Current HIV/AIDS Reports

, Volume 11, Issue 1, pp 1–10

Are Infants Unique in Their Ability to be “Functionally Cured” of HIV-1?

Authors

  • Nicole H. Tobin
    • Department of PediatricsChildren’s Hospital Los Angeles
    • Department of Pediatrics, Children’s Hospital Los AngelesThe Saban Research Institute, University of Southern California
HIV Pathogenesis and Treatment (AL Landay, Section Editor)

DOI: 10.1007/s11904-013-0189-1

Cite this article as:
Tobin, N.H. & Aldrovandi, G.M. Curr HIV/AIDS Rep (2014) 11: 1. doi:10.1007/s11904-013-0189-1

Abstract

The recent report of an infant that appears to have achieved a “functional cure” of HIV-1 following receipt of antiretroviral therapy (ART) within 30 hours of birth raises many questions: was the child infected? Was this result due to unique features of this particular infant’s immune system, the immune system of infants or the very early initiation of effective ART? In this manuscript, we discuss the pathogenesis of HIV-1 in infants, highlighting the unique features of infant immune development and how these may inform efforts to cure HIV infection. We will also compare the path to infant “cure” to cures in adults.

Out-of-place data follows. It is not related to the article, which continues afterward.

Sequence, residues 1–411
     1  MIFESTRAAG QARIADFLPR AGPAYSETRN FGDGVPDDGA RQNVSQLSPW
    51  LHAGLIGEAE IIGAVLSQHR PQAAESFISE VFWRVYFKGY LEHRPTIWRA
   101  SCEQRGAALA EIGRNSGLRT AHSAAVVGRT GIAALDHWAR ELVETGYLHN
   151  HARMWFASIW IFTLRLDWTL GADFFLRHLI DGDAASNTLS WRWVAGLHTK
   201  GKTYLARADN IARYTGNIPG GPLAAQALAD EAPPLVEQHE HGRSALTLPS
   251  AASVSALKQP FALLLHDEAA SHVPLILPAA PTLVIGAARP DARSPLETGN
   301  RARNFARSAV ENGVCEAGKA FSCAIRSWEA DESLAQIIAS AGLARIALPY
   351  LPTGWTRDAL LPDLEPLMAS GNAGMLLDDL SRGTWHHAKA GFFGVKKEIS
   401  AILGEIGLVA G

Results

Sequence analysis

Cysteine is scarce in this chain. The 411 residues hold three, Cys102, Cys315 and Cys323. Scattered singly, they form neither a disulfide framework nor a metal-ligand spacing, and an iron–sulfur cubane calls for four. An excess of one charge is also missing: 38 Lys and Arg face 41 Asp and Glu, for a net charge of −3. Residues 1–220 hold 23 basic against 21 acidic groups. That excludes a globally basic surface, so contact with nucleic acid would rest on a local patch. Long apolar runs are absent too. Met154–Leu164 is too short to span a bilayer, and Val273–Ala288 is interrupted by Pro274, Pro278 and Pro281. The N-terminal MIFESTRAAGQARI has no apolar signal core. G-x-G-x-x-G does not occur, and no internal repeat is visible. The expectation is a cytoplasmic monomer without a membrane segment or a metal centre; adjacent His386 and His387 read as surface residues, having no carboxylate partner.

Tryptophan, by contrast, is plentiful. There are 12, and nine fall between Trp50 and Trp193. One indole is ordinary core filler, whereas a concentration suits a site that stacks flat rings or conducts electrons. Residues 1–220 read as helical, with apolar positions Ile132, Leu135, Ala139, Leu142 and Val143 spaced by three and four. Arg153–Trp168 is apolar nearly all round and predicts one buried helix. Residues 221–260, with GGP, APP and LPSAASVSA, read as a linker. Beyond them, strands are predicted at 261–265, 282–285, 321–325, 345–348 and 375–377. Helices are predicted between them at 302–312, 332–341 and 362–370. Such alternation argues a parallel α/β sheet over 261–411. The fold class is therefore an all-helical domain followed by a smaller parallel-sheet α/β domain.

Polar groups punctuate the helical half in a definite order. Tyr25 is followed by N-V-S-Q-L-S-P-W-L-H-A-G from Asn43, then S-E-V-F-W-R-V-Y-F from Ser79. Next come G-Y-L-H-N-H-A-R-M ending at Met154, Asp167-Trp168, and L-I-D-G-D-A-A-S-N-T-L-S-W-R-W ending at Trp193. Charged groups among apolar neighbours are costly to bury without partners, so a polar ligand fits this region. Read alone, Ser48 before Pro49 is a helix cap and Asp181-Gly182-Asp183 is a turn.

Keywords

HIVMother-to-child transmission (MTCT)NeonateInfantPathogenesisCureCD4+ T cellsCD8+ T cellsCentral memory T cells (TCM)Effector memory T cells (TEM)ReservoirImmune quiescenceImmune toleranceMicrobial translocationFunctional cureHIV-1Antiretroviral therapy (ART)HIV pathogenesis

Copyright information

© Springer Science+Business Media New York 2014